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17 September 2015 Protecting trapped animals from heat exposure: the influence of shading on temperature within small metal box traps
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Abstract

Animal research guidelines recognise that trapped animals can potentially be subjected to heat stress, but recommendations are limited to avoiding exposing traps to weather extremes. Intuitively, shading metal box traps should be beneficial in warm to hot climates. Temperatures inside metal box traps were measured within traps located in direct sunlight concurrently with ones covered with artificial shading. Additionally, comparisons were conducted in continuous shade cast by ground-cover vegetation, and in stippled sunlight under an artificial lattice. Deep continuous shade from vegetation was most effective and able to keep traps within 5°C of ambient. Artificial shading using dark shade cloth could actually elevate trap temperatures above that in uncovered traps when exposed to direct sunshine. Reflective foil insulation cover not only provided rain protection for traps but was the most effective shading method trialled for reducing both the rate at which traps heated after sunrise and the maximum temperature reached during the day when exposed to direct sunshine. The use of foil sleeves can provide an extra level of protection from excessive heat exposure to trapped animals, keeping trap temperatures as much as 15°C lower than unprotected traps.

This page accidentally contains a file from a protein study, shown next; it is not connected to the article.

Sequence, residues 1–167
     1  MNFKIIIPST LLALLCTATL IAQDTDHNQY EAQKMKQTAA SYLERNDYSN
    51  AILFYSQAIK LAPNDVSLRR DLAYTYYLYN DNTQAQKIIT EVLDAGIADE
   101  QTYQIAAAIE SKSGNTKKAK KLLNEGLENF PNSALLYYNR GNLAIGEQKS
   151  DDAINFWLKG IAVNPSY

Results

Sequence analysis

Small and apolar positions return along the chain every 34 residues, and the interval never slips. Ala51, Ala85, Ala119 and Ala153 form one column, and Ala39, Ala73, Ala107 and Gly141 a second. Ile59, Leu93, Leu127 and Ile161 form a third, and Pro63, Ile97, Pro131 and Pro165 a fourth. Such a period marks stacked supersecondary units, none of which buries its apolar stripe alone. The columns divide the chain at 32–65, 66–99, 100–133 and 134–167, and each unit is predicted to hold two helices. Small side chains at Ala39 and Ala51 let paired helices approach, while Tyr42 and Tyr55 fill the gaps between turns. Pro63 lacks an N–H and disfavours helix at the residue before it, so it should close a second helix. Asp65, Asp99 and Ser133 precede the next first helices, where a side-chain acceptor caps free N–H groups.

© CSIRO 2015
Murray V. Ellis "Protecting trapped animals from heat exposure: the influence of shading on temperature within small metal box traps," Australian Journal of Zoology 63(4), 253-257, (17 September 2015). https://doi.org/10.1071/ZO15025
Received: 19 May 2015; Accepted: 1 August 2015; Published: 17 September 2015
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